By Didem Tali, Contributor
In the last several years alone, economic losses due to human-induced climate change and air pollution have amounted to $240 billion each year. Erratic weather closes facilities, delays production, disrupts distribution chains, raises operation costs, and reduces demand, according to the Center for Climate and Energy Solutions.
In addition to presenting a monetary dilemma, climate change is also a social responsibility issue. There is evidence that climate change exacerbates inequalities, disproportionately impacting the poor, and the World Bank anticipates it will push an additional 100 million people into poverty by 2030.
In 2018, the statistics tell a clear story that whether a low income individual or a wealthy corporation, no one is immune to the costs of climate change.
The good news is that research shows multinational corporations can be leading change agents in this fight against human-induced global warming. While there is no single intervention that will deliver a complete solution, here are three ways to get started.
Optimize the Supply Chain
Manufacturing puts an enormous strain on the climate. In the U.S. alone, the EPA finds that 21 percent of greenhouse gas emissions come from the direct (onsite) and indirect (offsite, but affiliated with the facility’s use of energy) emissions generated from the production of our everyday goods and materials. What’s more, 27 percent of emissions come from transportation, which means the production and movement of manufactured goods accounts for a huge amount of annual emissions.
Adopting green supply chain management (GSCM) practices—integrating environmental thinking into supply chain management—can help manufacturing companies reduce their environmental impact. GSCM can mean anything from the use of environmentally-friendly materials and equipment to stricter environmental audits. In fact, research shows that GSCM enhances environmental as well as operational performance in practicing companies.
Nike, for example, has made important strides in its public goal to “double the business with half the impact” by altering its GSCM practices. Since most of Nike’s emissions are released in the material processing and manufacturing phases, the footwear company made the strategic decision to have fewer and more efficient factories. And, recognizing that 60 percent of environmental impact at Nike comes from the materials used in its shoes, Nike developed a Materials Sustainability Index (NMSI) to help Nike designers and others in the apparel industry consider more environmentally-friendly materials for their designs.
The Flyknit shoe—which relied on the NMSI—was engineered to cut 60 percent of the material used in typical shoe wear. From 2012 to 2016, the design reduced over 3.5 million pounds of waste. It has also generated upwards of $1 billion in revenue each year.
By 2016, the company cut energy use per unit 50 percent since 2008. And by 2025, it plans to use 100 percent renewable energy.
Rely on Big, Green Data
Data has become integral in reducing greenhouse emissions and protecting the environment. According to the World Bank, reliable data and information, coupled with emerging technologies, is one of the most crucial tools in tackling climate change.
Leading the charge in using big data to promote environmental awareness is BBVA; the financial institution was honored in 2017 by UN Global Pulse — a United Nations agency that supports the use of big data for the public good — for its work assessing the relationship between climate change and consumer spending patterns.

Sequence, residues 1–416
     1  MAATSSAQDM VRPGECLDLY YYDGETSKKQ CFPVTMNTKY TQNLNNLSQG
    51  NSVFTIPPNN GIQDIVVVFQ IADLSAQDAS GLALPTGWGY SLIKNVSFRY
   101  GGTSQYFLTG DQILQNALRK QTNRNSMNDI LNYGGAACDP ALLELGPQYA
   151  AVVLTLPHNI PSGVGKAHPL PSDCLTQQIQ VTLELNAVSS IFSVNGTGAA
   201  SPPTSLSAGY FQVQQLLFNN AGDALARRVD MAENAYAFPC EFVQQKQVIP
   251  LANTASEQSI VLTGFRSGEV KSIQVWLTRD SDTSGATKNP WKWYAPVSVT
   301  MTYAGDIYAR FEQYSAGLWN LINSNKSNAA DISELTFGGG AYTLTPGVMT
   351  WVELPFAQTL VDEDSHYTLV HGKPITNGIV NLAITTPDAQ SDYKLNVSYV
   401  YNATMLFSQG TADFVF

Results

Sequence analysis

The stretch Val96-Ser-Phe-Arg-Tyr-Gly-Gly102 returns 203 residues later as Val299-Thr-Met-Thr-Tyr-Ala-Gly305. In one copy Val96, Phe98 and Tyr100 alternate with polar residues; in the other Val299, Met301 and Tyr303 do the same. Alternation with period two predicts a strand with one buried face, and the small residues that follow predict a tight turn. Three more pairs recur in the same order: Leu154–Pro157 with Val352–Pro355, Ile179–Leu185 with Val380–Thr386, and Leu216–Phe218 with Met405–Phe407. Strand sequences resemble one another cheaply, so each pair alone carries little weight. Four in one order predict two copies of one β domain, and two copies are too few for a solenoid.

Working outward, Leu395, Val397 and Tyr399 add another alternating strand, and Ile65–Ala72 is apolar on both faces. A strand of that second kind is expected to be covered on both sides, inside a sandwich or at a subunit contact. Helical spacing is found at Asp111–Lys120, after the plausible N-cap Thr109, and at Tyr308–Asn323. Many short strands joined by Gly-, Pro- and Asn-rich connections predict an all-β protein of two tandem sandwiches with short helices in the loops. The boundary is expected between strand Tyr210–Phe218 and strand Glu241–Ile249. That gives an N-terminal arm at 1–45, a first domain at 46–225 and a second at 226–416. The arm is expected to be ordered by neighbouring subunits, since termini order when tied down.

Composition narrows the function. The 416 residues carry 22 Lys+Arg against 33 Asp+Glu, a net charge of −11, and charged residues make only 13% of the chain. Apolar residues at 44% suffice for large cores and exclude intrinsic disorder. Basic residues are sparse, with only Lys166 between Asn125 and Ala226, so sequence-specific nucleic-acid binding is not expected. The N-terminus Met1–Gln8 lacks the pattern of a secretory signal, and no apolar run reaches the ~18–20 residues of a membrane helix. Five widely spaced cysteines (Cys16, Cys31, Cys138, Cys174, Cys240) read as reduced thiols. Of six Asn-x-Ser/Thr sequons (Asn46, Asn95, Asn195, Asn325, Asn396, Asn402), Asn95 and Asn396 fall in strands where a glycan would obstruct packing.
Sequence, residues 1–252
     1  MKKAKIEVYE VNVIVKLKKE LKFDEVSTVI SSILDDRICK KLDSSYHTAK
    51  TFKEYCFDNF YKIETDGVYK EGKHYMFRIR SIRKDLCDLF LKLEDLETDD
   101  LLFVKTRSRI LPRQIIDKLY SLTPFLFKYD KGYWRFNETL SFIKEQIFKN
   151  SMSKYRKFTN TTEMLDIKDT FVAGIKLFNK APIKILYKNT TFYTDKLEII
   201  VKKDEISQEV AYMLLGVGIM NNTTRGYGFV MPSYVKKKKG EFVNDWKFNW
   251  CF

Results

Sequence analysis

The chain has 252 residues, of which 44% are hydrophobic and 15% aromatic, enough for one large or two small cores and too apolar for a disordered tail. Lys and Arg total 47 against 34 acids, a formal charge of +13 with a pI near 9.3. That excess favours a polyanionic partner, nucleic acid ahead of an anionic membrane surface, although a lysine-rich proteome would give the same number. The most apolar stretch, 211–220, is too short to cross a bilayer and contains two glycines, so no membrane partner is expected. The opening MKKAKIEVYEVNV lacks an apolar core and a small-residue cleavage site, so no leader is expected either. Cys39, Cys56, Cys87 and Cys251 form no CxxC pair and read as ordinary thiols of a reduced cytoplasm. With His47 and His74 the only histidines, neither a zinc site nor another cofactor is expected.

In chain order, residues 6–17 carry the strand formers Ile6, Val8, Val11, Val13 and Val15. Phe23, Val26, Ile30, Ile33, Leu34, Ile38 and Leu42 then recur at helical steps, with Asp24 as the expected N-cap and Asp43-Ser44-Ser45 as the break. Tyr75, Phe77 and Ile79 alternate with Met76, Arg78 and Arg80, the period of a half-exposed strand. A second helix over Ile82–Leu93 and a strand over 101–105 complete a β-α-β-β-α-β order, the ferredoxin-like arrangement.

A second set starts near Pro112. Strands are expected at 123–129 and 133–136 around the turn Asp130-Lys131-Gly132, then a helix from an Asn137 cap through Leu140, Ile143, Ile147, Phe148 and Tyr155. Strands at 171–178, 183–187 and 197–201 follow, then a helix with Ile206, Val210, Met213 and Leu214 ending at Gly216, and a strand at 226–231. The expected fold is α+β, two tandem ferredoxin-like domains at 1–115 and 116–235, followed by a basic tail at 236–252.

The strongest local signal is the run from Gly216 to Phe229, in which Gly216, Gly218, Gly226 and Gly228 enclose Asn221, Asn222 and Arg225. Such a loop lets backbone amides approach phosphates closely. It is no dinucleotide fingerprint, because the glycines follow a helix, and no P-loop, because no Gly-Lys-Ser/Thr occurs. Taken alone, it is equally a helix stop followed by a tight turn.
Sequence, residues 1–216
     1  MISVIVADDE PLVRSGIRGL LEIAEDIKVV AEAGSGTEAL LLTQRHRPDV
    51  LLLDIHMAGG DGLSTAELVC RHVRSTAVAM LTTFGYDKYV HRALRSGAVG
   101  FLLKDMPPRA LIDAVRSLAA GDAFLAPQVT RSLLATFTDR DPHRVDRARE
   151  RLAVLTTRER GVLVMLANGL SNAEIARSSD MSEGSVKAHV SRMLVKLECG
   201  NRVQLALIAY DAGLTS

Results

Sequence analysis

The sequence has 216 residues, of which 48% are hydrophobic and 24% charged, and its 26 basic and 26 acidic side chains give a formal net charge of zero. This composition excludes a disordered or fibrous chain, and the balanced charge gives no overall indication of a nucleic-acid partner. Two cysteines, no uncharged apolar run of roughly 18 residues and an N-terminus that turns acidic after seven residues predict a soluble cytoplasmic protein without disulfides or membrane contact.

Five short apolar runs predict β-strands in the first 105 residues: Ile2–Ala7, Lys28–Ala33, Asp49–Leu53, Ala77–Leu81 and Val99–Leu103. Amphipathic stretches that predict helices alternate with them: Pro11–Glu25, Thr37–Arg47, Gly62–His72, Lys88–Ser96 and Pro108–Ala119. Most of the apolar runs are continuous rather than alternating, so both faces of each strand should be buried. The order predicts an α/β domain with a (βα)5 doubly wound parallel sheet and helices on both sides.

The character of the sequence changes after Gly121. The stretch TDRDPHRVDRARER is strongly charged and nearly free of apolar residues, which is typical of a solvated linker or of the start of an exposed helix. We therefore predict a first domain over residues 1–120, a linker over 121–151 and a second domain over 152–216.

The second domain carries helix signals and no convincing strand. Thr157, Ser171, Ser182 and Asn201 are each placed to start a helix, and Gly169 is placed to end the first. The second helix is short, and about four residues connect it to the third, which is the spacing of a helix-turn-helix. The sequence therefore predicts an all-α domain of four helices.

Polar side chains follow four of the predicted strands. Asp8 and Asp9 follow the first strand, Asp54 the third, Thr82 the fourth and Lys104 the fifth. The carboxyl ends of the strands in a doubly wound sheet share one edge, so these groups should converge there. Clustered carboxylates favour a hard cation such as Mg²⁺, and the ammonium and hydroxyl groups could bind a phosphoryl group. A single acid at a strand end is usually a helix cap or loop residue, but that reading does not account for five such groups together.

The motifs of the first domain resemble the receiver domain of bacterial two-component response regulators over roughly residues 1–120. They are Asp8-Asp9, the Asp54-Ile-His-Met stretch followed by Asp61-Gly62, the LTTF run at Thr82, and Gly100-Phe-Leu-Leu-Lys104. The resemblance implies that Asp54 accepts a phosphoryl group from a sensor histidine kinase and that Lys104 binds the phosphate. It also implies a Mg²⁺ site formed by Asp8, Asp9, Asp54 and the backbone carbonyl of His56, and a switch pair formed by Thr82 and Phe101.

Working alongside data scientists from Yale, BBVA cross-referenced credit and debit card transactions in Spanish stores from 2014 and 2016 with atmospheric data from Earth Networks during that same time. Researchers found in inverse correlation between pollution and consumption: On days when ozone pollution was 10 percent worse than usual, consumer spending fell by $23 to $35 million USD. What’s more, the findings revealed that urban citizens’ spending habits were four times more affected by air pollution than rural citizens, providing city governments and companies with an economic incentive to address air pollution.
While there is much data that reveals the longterm impacts of climate change—air pollution affects 90 percent of the global pollution and causes seven million premature deaths each year, according to Yale researcher Dr. Angel Hsu—the consumer-spending report was effective in exposing the short-term effects of climate change on people’s everyday behavior.
Lean In to High-tech Housekeeping
The sun-powered Edge building in Amsterdam, designed for the consultancy firm Deloitte, is one of the world’s greenest offices. The building has 28,000 sensors to track movement, lighting levels, humidity, and temperature. These sensors help to optimize heating, electricity, air conditioning, and cleaning needs for the building. This minimizes the energy needs of the building, significantly cutting its environmental impact.
And, using AI and IoT technologies, the Edge building keeps getting smarter. As office workers interact with the building through a customized mobile app that lets employees personalize their environment, energy usage becomes more efficient with time.
The Edge building is an example of the way smarter buildings and sustainable offices can help companies not only increase their efficiency, but also significantly cut environmental impact. As renewable energy prices continue to drop and smart architecture that taps into emerging technologies becomes more accessible, offices around the world have an opportunity to become greener without a huge financial investment.
While climate change is thought to be one of the biggest threats in modern history, there’s evidence that companies are among those with the largest ability to reverse its damaging effects.